BIRMINGHAM, Ala. — Gerald Adrian knows all about hydrilla, an invasive non-native aquatic plant that bass anglers often target as cover for fish. He can also explain why over-proliferation of hydrilla and other invasive aquatic species can spell doom for a top bass fishery.
Adrian, a representative for the Aquatic Ecosystem Restoration Foundation (AERF) and Aquatic Plant Management Society (APMS), aims to educate the public about the impacts of invasive plants. He believes the best way to do so is to expand contacts through the grass-roots of the bass angling world.
When Adrian approached B.A.S.S. Conservation Director Noreen Clough with his idea, that goal was the impetus for the new AERF-APMS/B.A.S.S. Conservation Aquatic Vegetation Management Award. The award, worth $2,000, will be presented annually to the B.A.S.S. Nation club that conducts the most outstanding project that addresses control of invasive aquatic plants while promoting the conservation or propagation of native vegetation, or both.
“I am very pleased that the Aquatic Ecosystem Restoration Foundation and Aquatic Plant Management Society recognize the good work that B.A.S.S. Nation conservation volunteers are doing in restoring native aquatic vegetation and combating invasive plants in our public waters,” Clough said. “Whether it is putting in native water willows or pulling out noxious weeds, building floating islands or participating in aquatic vegetation management meetings, our B.A.S.S. Nation conservation directors and their volunteers are committed to keeping our waterways healthy. That the foundation recognizes this through a generous awards program makes B.A.S.S. very proud that our efforts are rewarded. It’s a great partnership.”
AERF will fund the award, while APMS will provide a travel stipend for the winning club’s conservation director, or president, to travel to the APMS annual national meeting to give a presentation on the project. The 2014 National APMS meeting — the first at which the winning club will report — will be held in Savannah, Ga.
“This is a long-term commitment for us,” Adrian said. “It’s important for everyone to be aware of the benefits of controlling invasive plants. This gives us a grass-roots connection with the anglers that are concerned about these plants and lets us provide an avenue of education for B.A.S.S. members. A lot of anglers think they should let hydrilla grow because it’s good for fishing.”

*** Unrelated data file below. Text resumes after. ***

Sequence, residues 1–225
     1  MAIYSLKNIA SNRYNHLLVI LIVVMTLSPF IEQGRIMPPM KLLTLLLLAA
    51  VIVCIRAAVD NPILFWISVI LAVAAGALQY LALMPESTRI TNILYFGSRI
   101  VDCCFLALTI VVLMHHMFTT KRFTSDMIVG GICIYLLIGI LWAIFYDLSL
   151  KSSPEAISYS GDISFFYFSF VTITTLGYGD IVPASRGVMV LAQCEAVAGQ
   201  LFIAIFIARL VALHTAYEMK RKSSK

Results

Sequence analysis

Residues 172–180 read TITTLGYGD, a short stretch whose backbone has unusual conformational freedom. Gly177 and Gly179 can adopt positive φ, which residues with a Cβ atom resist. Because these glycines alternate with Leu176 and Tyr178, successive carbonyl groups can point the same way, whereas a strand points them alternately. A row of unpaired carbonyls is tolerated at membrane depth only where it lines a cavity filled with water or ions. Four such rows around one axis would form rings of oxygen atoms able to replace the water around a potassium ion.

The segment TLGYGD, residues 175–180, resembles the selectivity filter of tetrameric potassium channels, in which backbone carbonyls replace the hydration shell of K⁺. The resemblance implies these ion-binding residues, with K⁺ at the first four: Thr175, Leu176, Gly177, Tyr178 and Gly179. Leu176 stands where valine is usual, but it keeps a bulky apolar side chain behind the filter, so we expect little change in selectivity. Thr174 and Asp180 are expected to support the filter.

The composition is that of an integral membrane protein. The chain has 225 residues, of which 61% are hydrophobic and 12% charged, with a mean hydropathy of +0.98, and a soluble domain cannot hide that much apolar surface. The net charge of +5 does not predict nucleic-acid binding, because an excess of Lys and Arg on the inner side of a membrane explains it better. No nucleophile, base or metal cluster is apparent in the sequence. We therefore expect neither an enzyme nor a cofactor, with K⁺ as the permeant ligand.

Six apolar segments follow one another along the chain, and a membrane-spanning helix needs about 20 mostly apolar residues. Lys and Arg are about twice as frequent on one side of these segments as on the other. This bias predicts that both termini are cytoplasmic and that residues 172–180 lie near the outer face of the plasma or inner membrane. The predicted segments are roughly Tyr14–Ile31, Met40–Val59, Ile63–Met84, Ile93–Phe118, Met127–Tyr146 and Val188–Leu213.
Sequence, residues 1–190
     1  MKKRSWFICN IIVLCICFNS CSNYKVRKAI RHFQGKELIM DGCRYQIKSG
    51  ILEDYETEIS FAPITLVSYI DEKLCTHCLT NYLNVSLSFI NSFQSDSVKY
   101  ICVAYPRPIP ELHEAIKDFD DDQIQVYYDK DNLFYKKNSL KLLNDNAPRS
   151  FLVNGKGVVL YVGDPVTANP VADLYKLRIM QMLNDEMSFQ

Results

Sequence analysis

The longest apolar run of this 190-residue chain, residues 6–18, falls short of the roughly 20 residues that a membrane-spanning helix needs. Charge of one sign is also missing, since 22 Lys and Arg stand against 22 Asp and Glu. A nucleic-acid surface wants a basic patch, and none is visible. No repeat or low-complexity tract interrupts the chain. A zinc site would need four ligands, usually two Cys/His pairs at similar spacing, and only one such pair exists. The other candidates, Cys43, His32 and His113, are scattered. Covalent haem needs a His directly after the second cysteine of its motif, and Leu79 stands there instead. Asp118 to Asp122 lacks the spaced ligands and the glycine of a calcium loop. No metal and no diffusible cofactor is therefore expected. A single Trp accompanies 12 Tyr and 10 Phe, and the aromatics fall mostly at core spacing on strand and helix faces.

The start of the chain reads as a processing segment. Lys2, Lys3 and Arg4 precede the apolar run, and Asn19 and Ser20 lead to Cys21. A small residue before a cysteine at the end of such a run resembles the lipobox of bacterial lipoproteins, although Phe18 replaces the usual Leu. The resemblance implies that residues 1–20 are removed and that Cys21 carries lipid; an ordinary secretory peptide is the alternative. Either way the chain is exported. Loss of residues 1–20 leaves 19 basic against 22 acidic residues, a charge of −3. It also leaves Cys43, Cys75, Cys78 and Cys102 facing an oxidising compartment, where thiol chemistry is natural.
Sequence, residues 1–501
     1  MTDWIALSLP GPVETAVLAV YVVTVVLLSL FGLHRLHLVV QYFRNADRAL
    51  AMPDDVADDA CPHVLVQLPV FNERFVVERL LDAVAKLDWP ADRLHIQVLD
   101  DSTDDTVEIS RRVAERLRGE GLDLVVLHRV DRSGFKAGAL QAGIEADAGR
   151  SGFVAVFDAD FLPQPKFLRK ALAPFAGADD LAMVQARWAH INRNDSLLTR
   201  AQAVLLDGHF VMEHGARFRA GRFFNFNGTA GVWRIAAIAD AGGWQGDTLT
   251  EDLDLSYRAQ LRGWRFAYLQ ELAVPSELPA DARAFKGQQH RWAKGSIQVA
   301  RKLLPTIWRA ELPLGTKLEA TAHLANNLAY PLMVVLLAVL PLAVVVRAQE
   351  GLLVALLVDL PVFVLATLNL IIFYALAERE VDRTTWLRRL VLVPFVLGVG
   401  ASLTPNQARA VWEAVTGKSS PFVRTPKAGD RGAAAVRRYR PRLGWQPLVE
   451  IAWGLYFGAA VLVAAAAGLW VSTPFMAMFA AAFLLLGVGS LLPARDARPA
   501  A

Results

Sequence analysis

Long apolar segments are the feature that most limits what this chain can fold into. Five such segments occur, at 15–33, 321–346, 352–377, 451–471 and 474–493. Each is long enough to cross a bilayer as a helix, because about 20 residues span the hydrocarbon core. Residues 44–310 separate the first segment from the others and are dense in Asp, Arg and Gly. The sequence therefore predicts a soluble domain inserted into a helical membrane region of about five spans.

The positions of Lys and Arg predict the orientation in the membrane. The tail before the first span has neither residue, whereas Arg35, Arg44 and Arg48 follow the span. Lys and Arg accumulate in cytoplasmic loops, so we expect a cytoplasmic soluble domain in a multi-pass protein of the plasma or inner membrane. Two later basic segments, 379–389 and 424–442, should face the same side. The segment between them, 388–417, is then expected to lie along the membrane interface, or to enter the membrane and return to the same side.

Adrian explains the negative impacts of hydrilla, which began its U.S. invasion in Florida in the 1960s. It displaces native plants, and it can create an unhealthy aquatic ecosystem.
“Hydrilla can occupy an entire lake,” Adrian said. “It can take a lake over and spread completely across a lake if it’s shallow. A canopy like that reduces oxygen in the water and makes it difficult to forage. Once it gets to a certain point, it impacts a fishery. Large fish can’t move around and get to their prey. What you end up with is a whole bunch of small bass in a lake.”
With a bigger picture of the effects of hydrilla and other non-native plants, Adrian says those critical grass-roots anglers and weekend fishermen will understand “why we do what we do” in battling non-native plants throughout the country.
The projects, which will be judged by Clough, along with Dr. Mike Netherland of the U.S. Army Engineer Research and Development Center and a representative from AERF-APMS, must be submitted to B.A.S.S. conservation by Oct. 31 of a given year, beginning in October 2013, to be eligible for the award, which will be presented during the following year’s Bassmaster Classic.
Criteria for the award include:
Although the award will be given annually, the project must be a multi-year project with clearly defined and demonstrated short-term goals and long-term objectives.
The project must include a monitoring plan to determine long-term success.
The B.A.S.S. Nation club must demonstrate that members have worked cooperatively with the state fisheries and/or wildlife resource agency, the municipality and the project administrator (e.g., Corps of Engineers, Bureau of Reclamation, etc.).
Adding a youth component to a project will be a competitive enhancement.
The project submission must include before and after photographs.
The project must take place on waters with public access.